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Iam wondering

Posted by on Mar. 4, 2012 at 2:27 PM
  • 12 Replies

since my stock of frozen is now horrible and baby will not take it cuz of the taste if I should just pump right before I go to work and give him fresh while im gone I only work 2-3 days a week and only 3-5 hours and I can easily pump 5 ounces any thoughts on that?


by on Mar. 4, 2012 at 2:27 PM
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Replies (1-10):
karina400
by on Mar. 4, 2012 at 2:33 PM
Sounds like you have come up with a good plan. How old is baby? What time do you go to work? Could you nurse right before you leave and still pump enough for the time away? Then nurse again right when you get home?
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candycrz
by on Mar. 4, 2012 at 2:41 PM

he is 3 months i usually work 6-10 sometimes 3-6 i do feed him before i leave and right when i get home and i usually get 5 ounces everytime i pump

Quoting karina400:

Sounds like you have come up with a good plan. How old is baby? What time do you go to work? Could you nurse right before you leave and still pump enough for the time away? Then nurse again right when you get home?



maggiemom2000
by on Mar. 4, 2012 at 2:42 PM

Fresh is better anyway, so if you can easily work it to always pump fresh the day of or the day before, that is the way to go!

candycrz
by on Mar. 4, 2012 at 2:49 PM

so it only tastes bad if i freeze it?

Quoting maggiemom2000:

Fresh is better anyway, so if you can easily work it to always pump fresh the day of or the day before, that is the way to go!



karina400
by on Mar. 4, 2012 at 2:51 PM
Look up excess liapese. Some women have this problem whith pumped milk.


Quoting candycrz:

so it only tastes bad if i freeze it?

Quoting maggiemom2000:

Fresh is better anyway, so if you can easily work it to always pump fresh the day of or the day before, that is the way to go!



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candycrz
by on Mar. 4, 2012 at 2:55 PM

i always taste it when i pump but once i freeze and thaw it tastes and smells like it went bad

Quoting karina400:

Look up excess liapese. Some women have this problem whith pumped milk.


Quoting candycrz:

so it only tastes bad if i freeze it?

Quoting maggiemom2000:

Fresh is better anyway, so if you can easily work it to always pump fresh the day of or the day before, that is the way to go!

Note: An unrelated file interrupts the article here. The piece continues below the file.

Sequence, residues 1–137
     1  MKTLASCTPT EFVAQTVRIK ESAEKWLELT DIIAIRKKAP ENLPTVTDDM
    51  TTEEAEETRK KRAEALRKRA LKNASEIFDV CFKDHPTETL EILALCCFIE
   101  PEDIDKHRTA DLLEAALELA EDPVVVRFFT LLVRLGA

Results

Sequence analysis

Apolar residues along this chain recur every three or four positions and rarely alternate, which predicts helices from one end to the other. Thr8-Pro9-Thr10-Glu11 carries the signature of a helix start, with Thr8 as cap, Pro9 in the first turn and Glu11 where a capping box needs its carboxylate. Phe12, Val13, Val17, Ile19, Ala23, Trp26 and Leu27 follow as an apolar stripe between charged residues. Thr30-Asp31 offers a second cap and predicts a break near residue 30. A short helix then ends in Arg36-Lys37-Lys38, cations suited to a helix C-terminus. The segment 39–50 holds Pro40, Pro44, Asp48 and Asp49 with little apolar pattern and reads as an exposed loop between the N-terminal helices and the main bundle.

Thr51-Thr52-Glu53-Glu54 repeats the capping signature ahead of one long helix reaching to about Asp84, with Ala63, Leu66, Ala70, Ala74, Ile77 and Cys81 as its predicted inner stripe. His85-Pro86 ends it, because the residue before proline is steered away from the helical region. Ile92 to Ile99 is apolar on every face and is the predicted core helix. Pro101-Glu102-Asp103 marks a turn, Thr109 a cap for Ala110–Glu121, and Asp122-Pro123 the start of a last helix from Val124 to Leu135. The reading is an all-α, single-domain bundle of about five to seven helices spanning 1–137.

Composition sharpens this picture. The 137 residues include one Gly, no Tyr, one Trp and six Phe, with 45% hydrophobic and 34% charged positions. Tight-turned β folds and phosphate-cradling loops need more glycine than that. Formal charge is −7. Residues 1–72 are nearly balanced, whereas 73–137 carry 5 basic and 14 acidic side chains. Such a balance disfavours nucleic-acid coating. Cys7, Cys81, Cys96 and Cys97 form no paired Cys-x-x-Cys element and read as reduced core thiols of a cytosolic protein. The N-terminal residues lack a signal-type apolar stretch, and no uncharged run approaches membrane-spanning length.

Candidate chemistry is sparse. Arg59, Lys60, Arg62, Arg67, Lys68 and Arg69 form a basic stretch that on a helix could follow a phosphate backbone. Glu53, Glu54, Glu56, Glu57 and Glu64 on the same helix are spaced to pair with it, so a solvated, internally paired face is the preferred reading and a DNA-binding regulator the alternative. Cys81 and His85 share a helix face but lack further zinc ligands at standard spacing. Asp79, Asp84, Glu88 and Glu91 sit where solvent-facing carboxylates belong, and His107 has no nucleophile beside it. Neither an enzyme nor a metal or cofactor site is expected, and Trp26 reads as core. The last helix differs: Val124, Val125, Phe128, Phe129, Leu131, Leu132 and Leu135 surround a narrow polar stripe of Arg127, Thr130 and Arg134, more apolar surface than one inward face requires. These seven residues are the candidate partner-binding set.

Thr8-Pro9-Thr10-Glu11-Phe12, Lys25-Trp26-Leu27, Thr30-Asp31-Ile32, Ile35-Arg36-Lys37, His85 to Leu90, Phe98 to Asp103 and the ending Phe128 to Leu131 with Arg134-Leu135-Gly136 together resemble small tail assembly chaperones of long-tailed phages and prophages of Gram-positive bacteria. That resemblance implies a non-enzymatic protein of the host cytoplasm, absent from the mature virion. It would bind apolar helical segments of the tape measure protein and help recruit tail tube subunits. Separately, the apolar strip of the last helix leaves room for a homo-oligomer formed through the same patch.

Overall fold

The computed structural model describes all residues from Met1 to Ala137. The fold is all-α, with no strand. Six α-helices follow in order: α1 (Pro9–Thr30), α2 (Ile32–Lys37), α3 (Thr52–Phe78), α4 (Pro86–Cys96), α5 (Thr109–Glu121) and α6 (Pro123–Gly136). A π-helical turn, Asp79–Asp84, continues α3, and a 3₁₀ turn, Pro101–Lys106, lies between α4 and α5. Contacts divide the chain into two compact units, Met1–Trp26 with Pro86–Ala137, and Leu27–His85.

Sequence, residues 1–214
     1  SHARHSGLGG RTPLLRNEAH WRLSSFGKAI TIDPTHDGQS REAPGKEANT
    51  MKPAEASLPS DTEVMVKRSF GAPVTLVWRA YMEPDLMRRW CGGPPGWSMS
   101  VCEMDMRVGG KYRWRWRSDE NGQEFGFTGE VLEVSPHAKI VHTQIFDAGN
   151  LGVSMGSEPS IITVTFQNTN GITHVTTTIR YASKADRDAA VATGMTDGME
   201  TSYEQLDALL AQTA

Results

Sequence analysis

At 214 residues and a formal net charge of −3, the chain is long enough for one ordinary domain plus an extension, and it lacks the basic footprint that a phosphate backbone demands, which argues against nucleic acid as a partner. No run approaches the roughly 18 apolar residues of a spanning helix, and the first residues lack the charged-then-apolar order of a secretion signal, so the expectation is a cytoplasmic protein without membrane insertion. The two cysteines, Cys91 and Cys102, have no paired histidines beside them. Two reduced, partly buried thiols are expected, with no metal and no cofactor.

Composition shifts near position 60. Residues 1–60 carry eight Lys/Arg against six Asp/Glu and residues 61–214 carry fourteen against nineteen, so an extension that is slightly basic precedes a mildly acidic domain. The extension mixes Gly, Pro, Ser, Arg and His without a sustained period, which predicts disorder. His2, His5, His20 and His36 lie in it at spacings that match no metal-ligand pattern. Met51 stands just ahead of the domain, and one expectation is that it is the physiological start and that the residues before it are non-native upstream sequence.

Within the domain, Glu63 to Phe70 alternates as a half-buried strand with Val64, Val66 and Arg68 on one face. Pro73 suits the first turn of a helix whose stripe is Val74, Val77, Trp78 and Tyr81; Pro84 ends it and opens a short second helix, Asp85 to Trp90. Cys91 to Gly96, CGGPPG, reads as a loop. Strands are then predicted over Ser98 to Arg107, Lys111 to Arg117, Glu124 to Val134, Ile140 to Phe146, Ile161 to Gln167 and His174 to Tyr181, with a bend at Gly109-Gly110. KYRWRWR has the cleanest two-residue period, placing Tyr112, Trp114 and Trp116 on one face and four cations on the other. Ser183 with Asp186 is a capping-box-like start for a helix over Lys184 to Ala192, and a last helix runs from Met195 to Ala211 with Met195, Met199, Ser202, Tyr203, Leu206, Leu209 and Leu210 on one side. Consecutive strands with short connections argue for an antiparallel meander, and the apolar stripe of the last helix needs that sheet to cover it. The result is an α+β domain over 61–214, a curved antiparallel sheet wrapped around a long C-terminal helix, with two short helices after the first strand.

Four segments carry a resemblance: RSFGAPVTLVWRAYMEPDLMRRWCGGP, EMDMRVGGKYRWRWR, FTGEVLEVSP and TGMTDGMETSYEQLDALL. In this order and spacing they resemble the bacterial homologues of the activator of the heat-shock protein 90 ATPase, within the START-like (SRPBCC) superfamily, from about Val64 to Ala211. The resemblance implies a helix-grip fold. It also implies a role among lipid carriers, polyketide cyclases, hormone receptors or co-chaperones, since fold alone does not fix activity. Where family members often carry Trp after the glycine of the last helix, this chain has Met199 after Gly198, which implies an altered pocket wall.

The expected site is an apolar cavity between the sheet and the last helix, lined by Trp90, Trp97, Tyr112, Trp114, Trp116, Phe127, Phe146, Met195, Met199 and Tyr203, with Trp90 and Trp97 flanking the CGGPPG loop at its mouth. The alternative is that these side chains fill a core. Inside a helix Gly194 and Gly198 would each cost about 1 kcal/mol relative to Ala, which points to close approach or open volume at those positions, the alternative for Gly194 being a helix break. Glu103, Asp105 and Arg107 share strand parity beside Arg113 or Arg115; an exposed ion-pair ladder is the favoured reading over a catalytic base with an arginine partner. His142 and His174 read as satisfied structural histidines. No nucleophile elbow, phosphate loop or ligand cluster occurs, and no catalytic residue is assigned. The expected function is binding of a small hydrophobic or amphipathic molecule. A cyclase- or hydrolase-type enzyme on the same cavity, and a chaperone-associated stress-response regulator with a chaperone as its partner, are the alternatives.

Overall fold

maggiemom2000
by on Mar. 4, 2012 at 3:07 PM

I agree it is probably the lipase. Here's an explanation:

My expressed breastmilk doesn't smell fresh. What can I do?

Human milk that has truly soured has a very distinct sour taste and odor - much like soured cow's milk. If your milk doesn't smell distinctly sour or rancid, then it should be safe to give to your baby.

If you repeatedly notice that your stored milk doesn't smell or taste fresh, it might help to go through your storage procedures to see if there is something you could do to improve the smell/taste of your milk:

  • Storage containers: Standard glass or plastic bottles (or any type of leak-proof food storage containers) are acceptable for storing mother's milk, as are disposable bottle liners or "mother's milk" bags. The best materials are glass or food-grade polypropylene or polybutylene (hard) plastic. Polyethylene bags (bottle liners) do not preserve nutrients and immune properties as well as glass or hard plastic. (Jones & Tully 2005)
    • If you're using standard plastic bottle liners, instead try using bags specifically designed for storing human milk.
    • If you're storing in plastic, try glass instead.
  • Storage conditions:
    • Do you plan to freeze the milk? If you're not expecting to use refrigerated milk within 5-8 days of expression, then freeze as soon as possible after expression. Use as soon as possible after thawing (but always within 24 hours).
    • Make sure that all packages in your refrigerator or freezer are sealed well, so that your milk cannot absorb odors from other foods. A box of baking soda placed in the refrigerator or freezer may help to absorb odors.